MILAN -- Fiat S.p.A., the automaker that controls Chrysler, ended Paolo Mazzali's American dream. The car dealer near Milan spent the last 10 years selling customers "American lifestyle" as embodied in Chrysler cars and minivans. Now, he'll need to convince them to buy Italian after Fiat's decision to convert Chrysler dealers to Lancia.
"We used to sell an emotional American brand, as American as a Harley Davidson motorcycle," said Mazzali, whose company owns three Chrysler showrooms. "It's like giving up a piece of your heart to pitch something new."
Sergio Marchionne, CEO of Fiat and Chrysler, ceased sales of the U.S. brand in continental Europe Tuesday after four decades. The combination of Chrysler and Lancia is part of his plan to end losses in Europe and cut costs by 1.5 billion euros ($2.2 billion) by 2014.
Under Fiat, Chrysler's sales slumped to about a quarter of their total with Daimler AG. "We couldn't maintain the two brands everywhere so we had to decide," Olivier Francois, the Fiat executive who heads the Lancia and Chrysler brands, said in an interview "Lancia has a higher awareness in Europe, while for the U.S. and the rest of the world, Chrysler is a more global brand."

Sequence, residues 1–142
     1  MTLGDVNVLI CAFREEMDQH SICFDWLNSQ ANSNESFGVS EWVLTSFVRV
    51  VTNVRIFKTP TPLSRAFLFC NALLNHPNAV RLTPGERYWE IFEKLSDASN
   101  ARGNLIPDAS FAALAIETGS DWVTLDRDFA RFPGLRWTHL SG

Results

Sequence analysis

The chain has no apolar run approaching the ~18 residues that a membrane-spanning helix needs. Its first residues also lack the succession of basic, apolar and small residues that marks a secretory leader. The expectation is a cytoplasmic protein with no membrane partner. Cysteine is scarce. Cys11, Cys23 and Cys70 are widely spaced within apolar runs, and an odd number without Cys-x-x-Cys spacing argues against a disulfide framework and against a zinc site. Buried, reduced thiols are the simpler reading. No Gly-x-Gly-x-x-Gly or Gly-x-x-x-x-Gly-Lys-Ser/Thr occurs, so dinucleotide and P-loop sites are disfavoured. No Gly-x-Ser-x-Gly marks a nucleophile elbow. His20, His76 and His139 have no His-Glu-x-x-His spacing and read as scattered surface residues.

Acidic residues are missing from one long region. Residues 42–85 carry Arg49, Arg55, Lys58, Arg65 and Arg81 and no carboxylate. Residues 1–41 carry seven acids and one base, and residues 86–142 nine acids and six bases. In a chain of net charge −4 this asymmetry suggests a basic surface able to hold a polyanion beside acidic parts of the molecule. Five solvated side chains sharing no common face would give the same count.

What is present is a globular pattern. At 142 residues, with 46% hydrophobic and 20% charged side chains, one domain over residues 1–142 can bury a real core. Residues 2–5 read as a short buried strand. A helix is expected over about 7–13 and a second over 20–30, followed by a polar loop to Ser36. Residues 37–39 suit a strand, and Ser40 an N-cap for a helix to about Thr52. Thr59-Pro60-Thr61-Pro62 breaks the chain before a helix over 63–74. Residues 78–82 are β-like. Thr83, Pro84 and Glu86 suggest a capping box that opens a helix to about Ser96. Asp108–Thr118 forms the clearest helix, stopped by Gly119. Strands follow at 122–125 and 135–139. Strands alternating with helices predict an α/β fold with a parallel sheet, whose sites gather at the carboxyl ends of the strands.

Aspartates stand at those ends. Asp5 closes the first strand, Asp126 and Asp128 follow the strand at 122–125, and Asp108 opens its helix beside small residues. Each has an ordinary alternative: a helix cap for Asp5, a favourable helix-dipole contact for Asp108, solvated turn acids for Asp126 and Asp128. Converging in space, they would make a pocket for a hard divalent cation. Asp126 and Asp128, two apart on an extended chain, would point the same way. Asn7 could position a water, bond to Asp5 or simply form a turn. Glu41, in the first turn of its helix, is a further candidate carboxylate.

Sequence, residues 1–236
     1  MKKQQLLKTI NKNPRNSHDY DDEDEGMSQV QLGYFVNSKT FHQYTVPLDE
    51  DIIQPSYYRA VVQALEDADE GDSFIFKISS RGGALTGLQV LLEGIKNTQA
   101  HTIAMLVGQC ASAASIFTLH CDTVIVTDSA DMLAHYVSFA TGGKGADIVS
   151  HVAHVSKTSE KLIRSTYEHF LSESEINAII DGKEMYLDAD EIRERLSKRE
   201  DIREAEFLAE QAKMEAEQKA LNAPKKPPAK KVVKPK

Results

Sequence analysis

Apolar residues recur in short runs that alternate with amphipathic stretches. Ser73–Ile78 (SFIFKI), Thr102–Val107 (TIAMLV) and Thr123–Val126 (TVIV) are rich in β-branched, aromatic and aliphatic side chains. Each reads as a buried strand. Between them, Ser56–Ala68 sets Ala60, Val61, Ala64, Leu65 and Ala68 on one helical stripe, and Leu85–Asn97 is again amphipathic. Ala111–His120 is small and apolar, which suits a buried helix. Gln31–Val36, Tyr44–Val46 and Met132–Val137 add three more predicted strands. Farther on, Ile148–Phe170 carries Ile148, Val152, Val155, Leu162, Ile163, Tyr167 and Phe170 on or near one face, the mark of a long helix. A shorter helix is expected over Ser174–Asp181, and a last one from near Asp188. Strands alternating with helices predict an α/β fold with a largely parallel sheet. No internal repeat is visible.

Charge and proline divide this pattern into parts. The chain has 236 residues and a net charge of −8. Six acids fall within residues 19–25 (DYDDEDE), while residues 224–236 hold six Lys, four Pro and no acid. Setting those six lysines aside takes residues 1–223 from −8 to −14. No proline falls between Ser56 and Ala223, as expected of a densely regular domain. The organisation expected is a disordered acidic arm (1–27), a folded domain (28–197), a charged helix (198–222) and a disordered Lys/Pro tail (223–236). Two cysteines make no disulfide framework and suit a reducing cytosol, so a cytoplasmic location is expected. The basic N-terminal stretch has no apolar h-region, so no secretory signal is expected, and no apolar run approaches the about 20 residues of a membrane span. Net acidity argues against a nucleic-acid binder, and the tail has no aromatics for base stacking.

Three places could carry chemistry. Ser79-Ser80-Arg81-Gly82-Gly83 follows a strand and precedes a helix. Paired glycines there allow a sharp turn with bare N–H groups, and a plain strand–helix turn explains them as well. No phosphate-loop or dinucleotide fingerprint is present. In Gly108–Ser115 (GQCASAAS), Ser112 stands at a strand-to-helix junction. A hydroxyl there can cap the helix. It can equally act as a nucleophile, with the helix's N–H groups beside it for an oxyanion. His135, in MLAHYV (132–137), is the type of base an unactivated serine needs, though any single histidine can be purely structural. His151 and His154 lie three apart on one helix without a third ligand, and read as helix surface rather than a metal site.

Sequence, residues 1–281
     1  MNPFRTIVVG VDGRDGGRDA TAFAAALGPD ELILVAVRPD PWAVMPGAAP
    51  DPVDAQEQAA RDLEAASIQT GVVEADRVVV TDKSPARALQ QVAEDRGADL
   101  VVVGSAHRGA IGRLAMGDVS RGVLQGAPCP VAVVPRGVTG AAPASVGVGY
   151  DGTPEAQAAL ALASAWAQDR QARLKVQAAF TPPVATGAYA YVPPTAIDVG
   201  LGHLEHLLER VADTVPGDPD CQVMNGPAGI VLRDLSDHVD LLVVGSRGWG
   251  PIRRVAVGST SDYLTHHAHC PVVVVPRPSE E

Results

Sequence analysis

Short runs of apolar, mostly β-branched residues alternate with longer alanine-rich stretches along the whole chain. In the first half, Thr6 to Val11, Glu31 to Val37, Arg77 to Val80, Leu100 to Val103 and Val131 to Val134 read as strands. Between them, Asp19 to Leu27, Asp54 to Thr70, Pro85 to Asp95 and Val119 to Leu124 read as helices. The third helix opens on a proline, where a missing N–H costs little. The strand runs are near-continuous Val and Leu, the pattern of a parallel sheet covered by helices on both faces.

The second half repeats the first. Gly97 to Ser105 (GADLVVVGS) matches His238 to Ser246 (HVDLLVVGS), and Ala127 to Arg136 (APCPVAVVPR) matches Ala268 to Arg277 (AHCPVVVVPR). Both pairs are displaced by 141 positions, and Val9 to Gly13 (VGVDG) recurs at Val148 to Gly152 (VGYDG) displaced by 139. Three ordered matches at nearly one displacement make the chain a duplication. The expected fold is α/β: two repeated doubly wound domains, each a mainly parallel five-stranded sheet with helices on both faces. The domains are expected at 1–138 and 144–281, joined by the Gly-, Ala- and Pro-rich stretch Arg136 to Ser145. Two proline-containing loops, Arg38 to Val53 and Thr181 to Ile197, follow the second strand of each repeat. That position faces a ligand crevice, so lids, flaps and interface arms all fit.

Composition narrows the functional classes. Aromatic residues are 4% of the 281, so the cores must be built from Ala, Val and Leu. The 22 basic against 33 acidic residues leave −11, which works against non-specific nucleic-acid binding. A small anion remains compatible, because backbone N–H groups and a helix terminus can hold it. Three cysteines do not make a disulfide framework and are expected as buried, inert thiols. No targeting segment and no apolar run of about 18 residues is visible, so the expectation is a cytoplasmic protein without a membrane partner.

The automaker will consolidate Chrysler Group's results starting this month, a sign of the rapid integration of the two carmakers since the U.S.-based manufacturer exited bankruptcy in June 2009.
Fiat, which was initially granted a 20 percent stake by the U.S. government, aims to acquire 57 percent of the third-biggest U.S. automaker by the end of 2011.
Europe is a weak link for Fiat, where it struggles to compete with Volkswagen AG and PSA/Peugeot-Citroen SA.
The company, which doesn't breakdown results by region, lost about 1 billion euros last year on its home continent, according to Max Warburton, a London-based analyst at Sanford C. Bernstein. "Fiat is unlikely to ever make Europe profitable," said Warburton.
"There's little new product. In the next two years, market share will likely slide further." Fiat's deliveries in Europe fell 17 percent in the first fourth months of 2011, while industry-wide sales slipped 2.4 percent and VW rose 5.3 percent.
General Motors Co., which is expanding the Chevrolet brand in Europe, increased sales 2.1 percent in the January-April period. Marchionne acknowledges that European operations suffered as he focused on the U.S.